Article written by Tom Sykes

When Braid's price was finally announced - 1200 in Microsoft Points (or about $15) - there was a bit of an uproar. "Bit of" meaning "Quite a lot", of course, in understated Britishspeak. Spoiled by years of (relatively) cheap Xbox Live Arcade games, not to mention the hundreds of free indie titles readily available online, many gamers saw this price as an insult.

Pixel spent years meticulously crafting Cave Story, before releasing it gratis. Blackeye Software's wonderful Eternal Daughter was birthed unto the formative indie community, for absolutely zero money. And there are many more examples than that.

But why would anyone dedicate substantial amounts of their free time to a project not designed to bring in the readies? Obviously, Passion and Response. Sweating over a hot stove to cook a lovely meal for your partner (only to watch them devour it in seconds and ask for more). People like creating things, and most do it for free, probably because they don't believe they should charge for a project that has arguably benefited them more than its consumer (as in emotional rewards, the joy of Achieving Something).

Indie developers are often self-deprecating ("I can't charge for this crappy little game"), a position which leads to transcendent titles like Cave Story being available for free. But this is a dangerous precedent, however charming it may appear. The more high-quality free games out there, the less a future indie developer is going to feel like charging for their own labour of love. "If Pixel didn't do it, how can I? Cave Story is ten times more ambitious than my little gem-matching game, how on Earth can I ask someone to pay for it?"

Of course, it doesn't help that there's no standardised pricing system. A jewel-arranging Columns rip-off and a deep, original RPG can go for pretty much the same price, and you'll find rough equivalents of both on any number of FREE GAMES websites (capitalised to simulate the experience of actually visiting one of them). When a developer feels justified in attributing a price point, they are often (nay, always) attacked in some manner over this audacity.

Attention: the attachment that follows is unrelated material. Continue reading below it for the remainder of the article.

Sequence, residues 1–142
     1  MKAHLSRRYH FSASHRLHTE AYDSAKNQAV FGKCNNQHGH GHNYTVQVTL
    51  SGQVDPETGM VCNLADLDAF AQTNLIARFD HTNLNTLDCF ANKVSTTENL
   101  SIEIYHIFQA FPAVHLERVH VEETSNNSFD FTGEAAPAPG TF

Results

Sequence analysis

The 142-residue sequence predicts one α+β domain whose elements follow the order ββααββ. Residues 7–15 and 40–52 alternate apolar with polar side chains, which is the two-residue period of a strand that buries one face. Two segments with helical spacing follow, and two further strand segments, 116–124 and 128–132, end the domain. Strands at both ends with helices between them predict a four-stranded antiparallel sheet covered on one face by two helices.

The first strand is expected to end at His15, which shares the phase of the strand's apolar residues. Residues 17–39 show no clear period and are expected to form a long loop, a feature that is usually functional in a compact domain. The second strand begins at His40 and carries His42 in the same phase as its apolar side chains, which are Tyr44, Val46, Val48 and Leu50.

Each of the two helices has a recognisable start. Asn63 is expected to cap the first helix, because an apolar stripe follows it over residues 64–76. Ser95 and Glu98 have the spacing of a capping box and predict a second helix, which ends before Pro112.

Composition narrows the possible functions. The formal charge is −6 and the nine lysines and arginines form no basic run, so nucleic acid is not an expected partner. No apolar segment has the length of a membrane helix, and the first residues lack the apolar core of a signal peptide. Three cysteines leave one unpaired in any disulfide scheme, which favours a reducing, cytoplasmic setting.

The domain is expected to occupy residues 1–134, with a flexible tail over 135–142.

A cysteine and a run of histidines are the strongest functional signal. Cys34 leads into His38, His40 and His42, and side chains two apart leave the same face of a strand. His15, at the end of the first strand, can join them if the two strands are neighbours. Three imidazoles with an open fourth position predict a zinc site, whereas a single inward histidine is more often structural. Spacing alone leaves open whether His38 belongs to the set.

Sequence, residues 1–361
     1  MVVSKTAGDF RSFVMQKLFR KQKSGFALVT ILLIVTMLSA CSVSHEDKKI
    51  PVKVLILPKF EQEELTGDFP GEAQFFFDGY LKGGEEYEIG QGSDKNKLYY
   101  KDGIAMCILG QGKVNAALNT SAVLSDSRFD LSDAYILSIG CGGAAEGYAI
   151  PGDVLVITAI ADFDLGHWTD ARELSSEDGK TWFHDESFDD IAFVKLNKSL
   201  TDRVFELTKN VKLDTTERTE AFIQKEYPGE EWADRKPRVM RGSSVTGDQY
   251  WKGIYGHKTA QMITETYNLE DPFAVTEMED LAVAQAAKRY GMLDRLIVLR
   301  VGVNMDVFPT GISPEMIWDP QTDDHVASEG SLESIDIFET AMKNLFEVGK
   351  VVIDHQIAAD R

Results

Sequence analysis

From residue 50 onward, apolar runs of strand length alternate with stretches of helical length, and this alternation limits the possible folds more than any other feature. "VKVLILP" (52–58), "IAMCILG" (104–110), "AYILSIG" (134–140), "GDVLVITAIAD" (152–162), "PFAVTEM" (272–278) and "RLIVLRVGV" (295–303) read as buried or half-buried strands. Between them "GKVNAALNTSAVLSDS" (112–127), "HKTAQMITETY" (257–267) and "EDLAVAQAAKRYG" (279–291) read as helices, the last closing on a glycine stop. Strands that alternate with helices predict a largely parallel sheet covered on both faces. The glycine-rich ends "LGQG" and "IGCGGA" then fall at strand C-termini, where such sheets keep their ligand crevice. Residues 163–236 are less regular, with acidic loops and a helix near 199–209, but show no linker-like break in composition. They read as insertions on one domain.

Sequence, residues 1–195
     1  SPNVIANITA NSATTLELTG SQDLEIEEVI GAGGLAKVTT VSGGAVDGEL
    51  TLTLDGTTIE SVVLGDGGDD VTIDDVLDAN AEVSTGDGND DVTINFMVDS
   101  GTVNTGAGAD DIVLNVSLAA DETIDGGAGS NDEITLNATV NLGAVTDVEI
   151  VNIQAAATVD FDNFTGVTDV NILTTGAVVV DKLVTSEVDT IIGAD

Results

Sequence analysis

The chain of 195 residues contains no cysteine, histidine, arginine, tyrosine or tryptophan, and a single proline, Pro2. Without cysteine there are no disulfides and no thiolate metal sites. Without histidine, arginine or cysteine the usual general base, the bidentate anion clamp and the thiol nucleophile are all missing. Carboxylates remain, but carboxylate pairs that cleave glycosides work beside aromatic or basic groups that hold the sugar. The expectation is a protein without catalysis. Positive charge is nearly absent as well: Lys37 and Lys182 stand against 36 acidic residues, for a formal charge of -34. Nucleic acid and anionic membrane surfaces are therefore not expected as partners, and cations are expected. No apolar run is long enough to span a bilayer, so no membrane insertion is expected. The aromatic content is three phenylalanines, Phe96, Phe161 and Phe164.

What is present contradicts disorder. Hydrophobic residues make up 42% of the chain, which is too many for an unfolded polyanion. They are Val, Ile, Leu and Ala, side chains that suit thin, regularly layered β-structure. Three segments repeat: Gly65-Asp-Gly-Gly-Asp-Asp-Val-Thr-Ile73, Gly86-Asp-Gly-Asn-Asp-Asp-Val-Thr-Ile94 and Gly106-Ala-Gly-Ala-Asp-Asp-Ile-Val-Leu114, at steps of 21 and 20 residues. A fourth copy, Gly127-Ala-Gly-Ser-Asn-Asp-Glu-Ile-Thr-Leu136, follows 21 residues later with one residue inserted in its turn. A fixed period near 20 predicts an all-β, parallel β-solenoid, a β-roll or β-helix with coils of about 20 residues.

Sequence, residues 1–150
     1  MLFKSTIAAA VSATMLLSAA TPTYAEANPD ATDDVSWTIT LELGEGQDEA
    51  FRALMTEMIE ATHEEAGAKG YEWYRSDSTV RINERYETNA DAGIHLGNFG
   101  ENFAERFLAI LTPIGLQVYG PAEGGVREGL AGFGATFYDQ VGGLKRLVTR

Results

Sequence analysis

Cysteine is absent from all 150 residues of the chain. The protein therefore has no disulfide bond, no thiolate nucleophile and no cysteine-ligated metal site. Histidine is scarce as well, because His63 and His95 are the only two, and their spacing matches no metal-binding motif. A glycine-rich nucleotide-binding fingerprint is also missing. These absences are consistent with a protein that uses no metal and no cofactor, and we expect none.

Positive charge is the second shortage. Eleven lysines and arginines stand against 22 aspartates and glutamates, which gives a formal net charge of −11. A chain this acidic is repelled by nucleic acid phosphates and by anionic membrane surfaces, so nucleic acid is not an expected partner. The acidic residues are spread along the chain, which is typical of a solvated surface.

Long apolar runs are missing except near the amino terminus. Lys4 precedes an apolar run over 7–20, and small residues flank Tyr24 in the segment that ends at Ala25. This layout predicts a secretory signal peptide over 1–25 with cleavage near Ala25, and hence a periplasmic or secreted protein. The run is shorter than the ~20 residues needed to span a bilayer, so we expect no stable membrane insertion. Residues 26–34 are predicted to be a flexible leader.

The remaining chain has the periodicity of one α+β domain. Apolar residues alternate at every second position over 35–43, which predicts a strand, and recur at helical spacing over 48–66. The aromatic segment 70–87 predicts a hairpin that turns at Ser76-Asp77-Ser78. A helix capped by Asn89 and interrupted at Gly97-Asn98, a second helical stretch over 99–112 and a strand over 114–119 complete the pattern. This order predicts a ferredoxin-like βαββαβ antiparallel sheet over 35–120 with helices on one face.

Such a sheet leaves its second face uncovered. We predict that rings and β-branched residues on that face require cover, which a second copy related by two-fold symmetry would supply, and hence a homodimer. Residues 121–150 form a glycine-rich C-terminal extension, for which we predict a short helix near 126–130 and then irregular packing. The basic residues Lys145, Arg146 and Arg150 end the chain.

In the comments section of the official Braid blog, Stuart Campbell called $15 an "arrogant" price point, compared to the wealth of games released for half as much. A higher price on XBLA seems to imply a "better" or at least more substantial experience - to price yourself above Geometry Wars is to claim that you belong to a higher strata of quality, one presumably denied to arcade games.

We don't decide the price of a DVD by looking at how long or good the film is, or even by its genre (though "specialist"/arty films do tend to go for silly money, ie the RRP), so it's strange the XBLA system seems to do so. Its three-tiered approach (400/800/1200 points) has given rise to so many bellyaches that you wonder why they didn't choose a single price point and stick to it (or, you know, price the games in real money instead). When a game costs as much as changing your profile name, however, you know that it's a broken system to begin with.

Joakim "Konjak" Sandberg released a number of wonderful, free indie games, before humbly asking for money for his latest, Noitu Love 2: "So it's here, you can now buy Noitu Love 2: Devolution. I will be charging $20 for it and I believe that it is worth it." That an indie developer should feel the need to justify charging for something they've created (completely on their own, we shouldn't forget) is a sad indication of how spoilt we really are. $20 may seem like a lot, on first glance, but if the game was released on the Nintendo DS we wouldn't bat an eyelid.

We have become so used to high price points for physical media - possibly because we know that its creator/s will only see a tiny proportion - that when a developer bypasses physical completely (and as a result rakes in pretty much 100% of what they're asking), we may understandably feel annoyed, especially if they are charging a similar price. But that indie developer is going to sell much, much less than if their product was in a traditional box, in a traditional shop (or at least on Steam), and that $20 price point is to compensate for this. It isn't so much a matter of evaluating precisely what the game is worth, but rather how much it's likely to sell, and how much money its creator needs to fund the next one.

Joakim Sandberg isn't using that money to buy another diamond speedboat, he's using it to buy the time necessary to complete his latest game (I assume he is, anyway, his website hasn't updated in a while). If you like the demo, and his previous free games, then pay the toll. It will lead to more of his games coming your way.

That $20 is a pledge of allegiance, a donation to the International Independent Gaming Party. It will help to foster a world in which "indie" is a more viable concept, a happy world where passionate, talented people are rewarded for all their hard work.

World of Goo will be released on October 13th, for $20. If you care at all about indie gaming (and, er, if you like the look of it), then buy it. As hard and as often as necessary, until it makes more money than FIFA '09, and the universe, at last, makes some sense.